4 - Moderate

Presence of either a kaleidoscopic array of poorly formed, unstable delusions, or a few well-formed delusions that occasionally interfere with the patient’s thinking, social relations, or behavior

5 - Moderate severe

Presence of numerous well-formed delusions that are tenaciously held and occasionally interfere with the patient’s thinking, social relations, or behavior

6 - Severe

Presence of a stable set of delusions that are crystallized, possibly systematized, tenaciously held, and clearly interfere with the patient’s thinking, social relations, or behavior

7 - Extreme

Presence of a stable set of delusions that are either highly systematized or very numerous, and that dominate major facets of the patient’s life. This behavior frequently results in inappropriate and irresponsible action that may jeopardize the safety of the patient or others

Gauging Symptom Severity

Treatment planning. Clinicians at the Rochester (New York) Psychiatric Center use the PANSS to assess symptom severity in inpatients with schizophrenia and other psychotic disorders.

Within 1 week of admission, patients are evaluated on the 30 items by a team of experienced PANSS raters. Symptoms identified by the PANSS become targets in individualized treatment plans. Follow-up PANSS assessments help determine if treatment has improved the selected symptoms.

Tracking patient progress. Florida State Hospital uses the PANSS to track progress of patients with serious mental illnesses. Data collected over 8 years from >19,000 PANSS assessments in a multilingual, multicultural population suggests that the PANSS:

  • aids in decision making for medical and nonmedical aspects of care for individual patients
  • can help determine if changes in agency prescribing practices affect patient symptom profiles and severity, one indicator of how policy and guidelines translate into patient care.9

Monitoring depression. In Geha Psychiatric Hospital in Tel Aviv, Israel, treatment outcomes improved when the PANSS was used to measure severity of symptoms—particularly depression—in an inpatient population of adolescents with schizophrenia.10 PANSS items can measure dysphoria, including anxiety, tension, and guilt feelings. Clinicians now routinely use the PANSS to assess patients’ symptoms at admission and for periodic follow-up.

Predicting Outcomes

The PANSS has been shown to predict course of illness and treatment response, functional outcomes (including aggression), and long-term outcomes (including deterioration). Adjusting treatments to achieve optimal PANSS scores also can help clinicians achieve remission of their patients’ psychotic symptoms (Box).11,12


Other PANSS uses: Define remission, predict treatment costs

Remission. Achieving and maintaining remission of schizophrenia has been hampered by a lack of specificity in existing scales. Andreasen et al11 recommend using selected items from the PANSS and other rating scales, including the Brief Psychiatric Rating Scale (BPRS), Scale for Assessment of Negative Symptoms (SANS), and Scale for Assessment of Positive Symptoms (SAPS).

Creating agreed-upon criteria will mean that clinicians will know what is meant by symptom remission, allowing for better communication and a standard to achieve.

Costs. Eventually, rating scales such as PANSS may provide “financial prognoses” to predict treatment costs over time. Mohr et al12 used PANSS scores to group 663 patients from public and private psychiatric hospitals into eight categories based on symptom severity. When each disease state was correlated with annual treatment costs, baseline assessment was a significant predictor of annualized cost as well as clinical outcome.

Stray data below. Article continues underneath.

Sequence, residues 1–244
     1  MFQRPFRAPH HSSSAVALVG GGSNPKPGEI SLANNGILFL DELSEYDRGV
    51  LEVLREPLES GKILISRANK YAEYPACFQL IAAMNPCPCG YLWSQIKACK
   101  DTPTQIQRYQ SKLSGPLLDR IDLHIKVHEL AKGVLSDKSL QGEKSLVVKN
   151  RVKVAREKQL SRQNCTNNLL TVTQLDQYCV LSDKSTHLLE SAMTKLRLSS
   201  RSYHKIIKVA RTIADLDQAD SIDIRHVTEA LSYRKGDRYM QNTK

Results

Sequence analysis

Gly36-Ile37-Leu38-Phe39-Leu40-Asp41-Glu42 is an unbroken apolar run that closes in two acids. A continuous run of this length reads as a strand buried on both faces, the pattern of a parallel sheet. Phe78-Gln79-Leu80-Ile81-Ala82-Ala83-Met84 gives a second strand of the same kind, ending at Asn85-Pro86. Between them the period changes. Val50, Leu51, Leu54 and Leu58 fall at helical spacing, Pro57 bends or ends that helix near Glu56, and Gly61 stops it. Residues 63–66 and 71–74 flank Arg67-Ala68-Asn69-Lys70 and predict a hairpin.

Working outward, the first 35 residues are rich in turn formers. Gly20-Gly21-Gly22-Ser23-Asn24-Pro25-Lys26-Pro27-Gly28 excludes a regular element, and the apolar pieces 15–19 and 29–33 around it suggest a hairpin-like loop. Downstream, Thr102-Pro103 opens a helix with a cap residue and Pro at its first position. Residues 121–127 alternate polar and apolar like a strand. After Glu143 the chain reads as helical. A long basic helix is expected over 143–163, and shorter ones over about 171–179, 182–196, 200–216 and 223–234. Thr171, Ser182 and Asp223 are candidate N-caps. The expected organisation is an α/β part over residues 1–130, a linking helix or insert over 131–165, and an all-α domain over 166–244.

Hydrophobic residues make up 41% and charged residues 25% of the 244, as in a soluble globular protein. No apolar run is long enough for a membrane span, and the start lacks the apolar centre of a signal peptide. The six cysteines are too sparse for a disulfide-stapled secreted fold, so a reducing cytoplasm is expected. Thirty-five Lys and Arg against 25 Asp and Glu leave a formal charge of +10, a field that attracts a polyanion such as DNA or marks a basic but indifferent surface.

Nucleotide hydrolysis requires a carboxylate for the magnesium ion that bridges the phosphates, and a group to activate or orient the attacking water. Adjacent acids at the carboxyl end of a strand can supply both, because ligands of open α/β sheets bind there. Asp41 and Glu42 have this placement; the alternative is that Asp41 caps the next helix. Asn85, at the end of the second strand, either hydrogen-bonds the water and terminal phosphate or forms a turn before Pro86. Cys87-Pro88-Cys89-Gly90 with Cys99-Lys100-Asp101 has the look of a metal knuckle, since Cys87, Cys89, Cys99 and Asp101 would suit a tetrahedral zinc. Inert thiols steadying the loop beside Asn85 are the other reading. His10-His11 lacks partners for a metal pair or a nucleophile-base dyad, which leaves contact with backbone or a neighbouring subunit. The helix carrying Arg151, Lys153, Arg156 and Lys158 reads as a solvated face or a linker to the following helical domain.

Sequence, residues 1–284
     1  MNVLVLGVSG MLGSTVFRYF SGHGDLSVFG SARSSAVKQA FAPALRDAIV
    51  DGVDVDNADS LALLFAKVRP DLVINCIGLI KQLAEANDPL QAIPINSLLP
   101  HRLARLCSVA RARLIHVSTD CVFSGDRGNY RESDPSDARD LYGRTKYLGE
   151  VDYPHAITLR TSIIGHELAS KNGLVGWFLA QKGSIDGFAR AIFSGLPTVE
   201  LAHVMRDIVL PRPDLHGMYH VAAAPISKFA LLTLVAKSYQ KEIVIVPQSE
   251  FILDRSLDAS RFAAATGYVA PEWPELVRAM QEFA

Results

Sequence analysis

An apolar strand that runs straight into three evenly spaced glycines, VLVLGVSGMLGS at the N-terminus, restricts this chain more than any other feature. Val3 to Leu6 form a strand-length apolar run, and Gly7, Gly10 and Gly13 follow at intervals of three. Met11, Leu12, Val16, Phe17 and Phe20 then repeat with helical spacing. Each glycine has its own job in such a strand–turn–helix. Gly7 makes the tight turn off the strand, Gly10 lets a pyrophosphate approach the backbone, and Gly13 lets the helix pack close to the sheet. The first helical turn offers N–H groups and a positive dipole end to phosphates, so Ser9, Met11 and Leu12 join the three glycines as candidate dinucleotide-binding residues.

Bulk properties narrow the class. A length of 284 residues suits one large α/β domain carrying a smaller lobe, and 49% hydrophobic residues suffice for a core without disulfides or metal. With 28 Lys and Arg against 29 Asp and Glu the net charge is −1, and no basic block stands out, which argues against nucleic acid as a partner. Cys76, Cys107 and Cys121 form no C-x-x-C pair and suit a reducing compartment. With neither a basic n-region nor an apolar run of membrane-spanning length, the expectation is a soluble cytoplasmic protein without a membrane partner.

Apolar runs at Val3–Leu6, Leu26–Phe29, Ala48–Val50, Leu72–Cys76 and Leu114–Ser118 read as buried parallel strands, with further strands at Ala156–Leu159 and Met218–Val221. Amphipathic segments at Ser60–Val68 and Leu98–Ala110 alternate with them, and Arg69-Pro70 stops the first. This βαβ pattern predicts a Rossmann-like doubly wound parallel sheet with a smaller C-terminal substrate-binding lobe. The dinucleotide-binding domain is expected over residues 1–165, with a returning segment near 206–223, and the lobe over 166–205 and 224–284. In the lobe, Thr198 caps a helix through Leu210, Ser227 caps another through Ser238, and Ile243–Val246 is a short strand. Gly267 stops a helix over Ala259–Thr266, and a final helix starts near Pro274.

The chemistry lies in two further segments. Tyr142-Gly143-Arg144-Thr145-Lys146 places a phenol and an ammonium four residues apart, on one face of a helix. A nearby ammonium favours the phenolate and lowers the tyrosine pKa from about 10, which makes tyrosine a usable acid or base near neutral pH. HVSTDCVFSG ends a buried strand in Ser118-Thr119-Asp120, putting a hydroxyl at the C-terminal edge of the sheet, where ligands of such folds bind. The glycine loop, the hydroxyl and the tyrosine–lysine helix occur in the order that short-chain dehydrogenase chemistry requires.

Course of illness. Schizophrenia patients in a Tokyo hospital psychiatric ward were rated within 3 days of admission and at weekly intervals for 8 weeks. Baseline PANSS scores on the conceptual disorganization item and the total negative scale score predicted which patients would respond to antipsychotic treatment within 5 weeks.13

Functional outcomes. Steinert et al14 used the PANSS to rate 199 inpatients within 24 hours of admission into an acute psychiatric ward. After discharge, each patient was assessed retrospectively for aggressive behavior. The conceptual disorganization and hostility items from the positive sub-scale could predict violent behaviors during inpatient treatment with statistical significance.

Long-term outcomes. White et al15 assessed older schizophrenia inpatients, using the PANSS at baseline and after 1 year. The researchers looked specifically at the “activation factor”—six PANSS items including hostility, poor impulse control, excitement, uncooperativeness, poor rapport, and tension. Poor outcome and low discharge rates were directly correlated with high baseline scores on the PANSS activation factor (PANSS-AF).

Deterioration. Goetz et al16 showed that residual positive symptoms were significantly related to deteriorating course of illness, even when patients adhered to their medications. These results suggest that even subtle symptom elevations as measured by the PANSS can predict deterioration.

Related resources

  • The PANSS Institute. Information on how to attain, maintain, and retain high reliability as a PANSS rater.
  • MultiHealth Systems, Inc. (publisher and copyright holder) to purchase the Positive and Negative Syndrome Scale (PANSS).
  • Opler LA, Ramirez PM, Mougios VA. Measuring outcome in serious mental illness. In: IsHak WW, Burt T, Sederer L (eds). Outcome measurement in psychiatry: a critical review. Washington, DC: American Psychiatric Press; 2002.


Dr. Lewis A. Opler receives royalties from MultiHealth Systems, Inc. on sales of the Positive and Negative Syndrome Scale (PANSS) Manual, the Structured Clinical Interview for the PANSS (SCI-PANSS), and the Informant Questionnaire for the PANSS (IQ-PANSS).

Dr. Mark G. Opler is Executive Director of The PANSS Institute.


This work was supported in part by NIMH grant K24 MH01699 (DM).